No Enemies, No Hatred
Selected Essays and Poems
When the Nobel Peace Prize was awarded on December 10, 2010, its recipient, Liu Xiaobo, was in Jinzhou Prison, serving an eleven-year sentence for what Beijing called âeoeincitement to subvert state power.âe#157; In Oslo, actress Liv Ullmann read a long statement the activist had prepared for his 2009 trial. It read in part: âeoeI stand by the convictions I expressed in my âe~June Second Hunger Strike Declarationâe(tm) twenty years agoâe"I have no enemies and no hatred. None of the police who monitored, arrested, and interrogated me, none of the prosecutors who indicted me, and none of the judges who judged me are my enemies.âe#157; That statement is one of the pieces in this book, which includes writings spanning two decades, providing insight into all aspects of Chinese life. These works not only chronicle a leading dissidentâe(tm)s struggle against tyranny but enrich the record of universal longing for freedom and dignity. Liu speaks pragmatically, yet with deep-seated passion, about peasant land disputes, the Han Chinese in Tibet, child slavery, the CCPâe(tm)s Olympic strategy, the Internet in China, the contemporary craze for Confucius, and the Tiananmen massacre. Also presented are poems written for his wife, Liu Xia, public documents, and a foreword by VÃ¡clav Havel. This collection is an aid to reflection for Western readers who might take for granted the values Liu has dedicated his life to achieving for his homeland.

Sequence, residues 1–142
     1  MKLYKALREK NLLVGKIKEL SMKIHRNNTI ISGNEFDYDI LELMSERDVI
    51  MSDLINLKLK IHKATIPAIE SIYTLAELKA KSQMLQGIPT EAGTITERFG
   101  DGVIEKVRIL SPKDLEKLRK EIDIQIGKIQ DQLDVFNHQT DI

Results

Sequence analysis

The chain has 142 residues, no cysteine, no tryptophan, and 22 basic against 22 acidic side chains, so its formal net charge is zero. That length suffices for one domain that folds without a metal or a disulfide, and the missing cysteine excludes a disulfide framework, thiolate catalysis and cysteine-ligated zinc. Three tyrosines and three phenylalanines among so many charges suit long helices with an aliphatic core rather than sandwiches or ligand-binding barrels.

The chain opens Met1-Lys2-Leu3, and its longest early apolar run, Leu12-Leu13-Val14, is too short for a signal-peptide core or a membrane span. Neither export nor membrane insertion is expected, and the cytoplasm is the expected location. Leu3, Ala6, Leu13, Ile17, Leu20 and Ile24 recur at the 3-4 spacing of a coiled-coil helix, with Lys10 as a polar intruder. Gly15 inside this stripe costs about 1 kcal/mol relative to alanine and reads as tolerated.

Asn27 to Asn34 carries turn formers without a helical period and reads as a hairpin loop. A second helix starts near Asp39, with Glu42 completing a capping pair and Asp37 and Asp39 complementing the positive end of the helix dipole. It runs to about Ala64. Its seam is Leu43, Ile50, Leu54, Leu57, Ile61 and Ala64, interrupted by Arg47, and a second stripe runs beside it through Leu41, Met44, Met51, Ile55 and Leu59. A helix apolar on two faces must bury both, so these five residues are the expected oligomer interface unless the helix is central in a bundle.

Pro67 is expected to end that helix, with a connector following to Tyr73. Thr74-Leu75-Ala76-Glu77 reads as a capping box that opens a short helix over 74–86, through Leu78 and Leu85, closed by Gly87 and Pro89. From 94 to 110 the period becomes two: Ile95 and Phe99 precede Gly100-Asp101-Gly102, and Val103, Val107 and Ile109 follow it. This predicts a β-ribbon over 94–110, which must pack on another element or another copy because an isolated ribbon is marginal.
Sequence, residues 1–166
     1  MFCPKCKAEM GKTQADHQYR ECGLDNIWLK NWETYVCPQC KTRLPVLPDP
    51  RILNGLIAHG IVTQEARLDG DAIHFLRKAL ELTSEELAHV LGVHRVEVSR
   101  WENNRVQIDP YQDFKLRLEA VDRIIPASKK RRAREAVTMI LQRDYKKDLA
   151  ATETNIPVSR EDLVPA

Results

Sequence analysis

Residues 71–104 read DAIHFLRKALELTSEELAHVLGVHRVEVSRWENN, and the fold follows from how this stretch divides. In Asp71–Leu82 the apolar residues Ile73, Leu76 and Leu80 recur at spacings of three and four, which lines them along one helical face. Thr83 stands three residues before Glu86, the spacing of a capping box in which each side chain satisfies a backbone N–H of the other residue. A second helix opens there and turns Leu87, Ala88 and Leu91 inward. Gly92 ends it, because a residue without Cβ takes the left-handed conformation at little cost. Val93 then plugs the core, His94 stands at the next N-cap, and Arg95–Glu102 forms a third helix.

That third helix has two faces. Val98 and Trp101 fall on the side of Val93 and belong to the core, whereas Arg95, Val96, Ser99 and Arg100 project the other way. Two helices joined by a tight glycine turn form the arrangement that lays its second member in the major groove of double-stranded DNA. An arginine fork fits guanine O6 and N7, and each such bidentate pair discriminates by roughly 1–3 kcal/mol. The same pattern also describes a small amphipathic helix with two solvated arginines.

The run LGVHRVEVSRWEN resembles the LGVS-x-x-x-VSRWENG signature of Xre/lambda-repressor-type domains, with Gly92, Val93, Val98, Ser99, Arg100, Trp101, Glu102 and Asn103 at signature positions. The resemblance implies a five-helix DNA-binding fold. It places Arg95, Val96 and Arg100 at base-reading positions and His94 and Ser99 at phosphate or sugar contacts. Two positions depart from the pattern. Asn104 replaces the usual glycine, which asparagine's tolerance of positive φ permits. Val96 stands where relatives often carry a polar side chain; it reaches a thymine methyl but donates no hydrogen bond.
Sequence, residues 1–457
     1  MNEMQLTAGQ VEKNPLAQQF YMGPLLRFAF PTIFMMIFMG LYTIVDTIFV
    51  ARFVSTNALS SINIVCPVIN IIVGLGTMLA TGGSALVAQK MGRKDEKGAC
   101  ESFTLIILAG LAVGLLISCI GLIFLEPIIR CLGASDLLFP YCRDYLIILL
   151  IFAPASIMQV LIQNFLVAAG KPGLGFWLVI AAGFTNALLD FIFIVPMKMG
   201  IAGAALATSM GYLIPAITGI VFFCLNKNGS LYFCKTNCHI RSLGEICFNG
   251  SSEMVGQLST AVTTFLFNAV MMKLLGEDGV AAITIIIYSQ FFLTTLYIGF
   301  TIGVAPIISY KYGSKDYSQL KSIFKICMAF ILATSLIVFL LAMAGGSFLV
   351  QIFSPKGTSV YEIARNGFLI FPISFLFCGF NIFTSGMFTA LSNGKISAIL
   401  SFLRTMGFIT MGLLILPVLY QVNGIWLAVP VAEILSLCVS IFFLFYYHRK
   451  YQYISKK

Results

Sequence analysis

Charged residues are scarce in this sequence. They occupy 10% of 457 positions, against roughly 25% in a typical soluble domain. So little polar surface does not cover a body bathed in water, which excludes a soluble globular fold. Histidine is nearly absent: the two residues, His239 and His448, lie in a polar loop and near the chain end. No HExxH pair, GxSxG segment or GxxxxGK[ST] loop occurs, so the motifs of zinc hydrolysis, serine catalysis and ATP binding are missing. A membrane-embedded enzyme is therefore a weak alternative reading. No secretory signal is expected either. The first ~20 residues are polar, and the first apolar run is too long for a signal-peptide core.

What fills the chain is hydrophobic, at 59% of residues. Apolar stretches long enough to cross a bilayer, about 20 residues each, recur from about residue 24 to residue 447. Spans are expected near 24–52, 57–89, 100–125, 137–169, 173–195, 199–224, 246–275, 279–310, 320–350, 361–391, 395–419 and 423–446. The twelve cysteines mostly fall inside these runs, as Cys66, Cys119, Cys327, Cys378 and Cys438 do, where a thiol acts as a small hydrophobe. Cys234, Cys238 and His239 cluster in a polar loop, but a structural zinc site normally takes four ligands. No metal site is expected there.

Cambridge, Mass. : Belknap Press of Harvard University Press, 2012.
xxii, 366 p. ;,24 cm.